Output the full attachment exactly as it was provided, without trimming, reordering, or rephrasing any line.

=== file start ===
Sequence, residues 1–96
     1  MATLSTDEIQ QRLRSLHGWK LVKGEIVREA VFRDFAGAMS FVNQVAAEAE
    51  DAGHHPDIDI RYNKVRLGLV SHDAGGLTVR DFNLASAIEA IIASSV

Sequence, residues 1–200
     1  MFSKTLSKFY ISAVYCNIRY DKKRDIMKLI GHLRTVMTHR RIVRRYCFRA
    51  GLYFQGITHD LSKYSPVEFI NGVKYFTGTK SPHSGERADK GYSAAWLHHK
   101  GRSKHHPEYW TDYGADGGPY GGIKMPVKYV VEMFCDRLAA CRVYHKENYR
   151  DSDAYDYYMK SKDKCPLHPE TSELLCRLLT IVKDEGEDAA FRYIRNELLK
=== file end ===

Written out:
Sequence, residues 1–96
     1  MATLSTDEIQ QRLRSLHGWK LVKGEIVREA VFRDFAGAMS FVNQVAAEAE
    51  DAGHHPDIDI RYNKVRLGLV SHDAGGLTVR DFNLASAIEA IIASSV

Sequence, residues 1–200
     1  MFSKTLSKFY ISAVYCNIRY DKKRDIMKLI GHLRTVMTHR RIVRRYCFRA
    51  GLYFQGITHD LSKYSPVEFI NGVKYFTGTK SPHSGERADK GYSAAWLHHK
   101  GRSKHHPEYW TDYGADGGPY GGIKMPVKYV VEMFCDRLAA CRVYHKENYR
   151  DSDAYDYYMK SKDKCPLHPE TSELLCRLLT IVKDEGEDAA FRYIRNELLK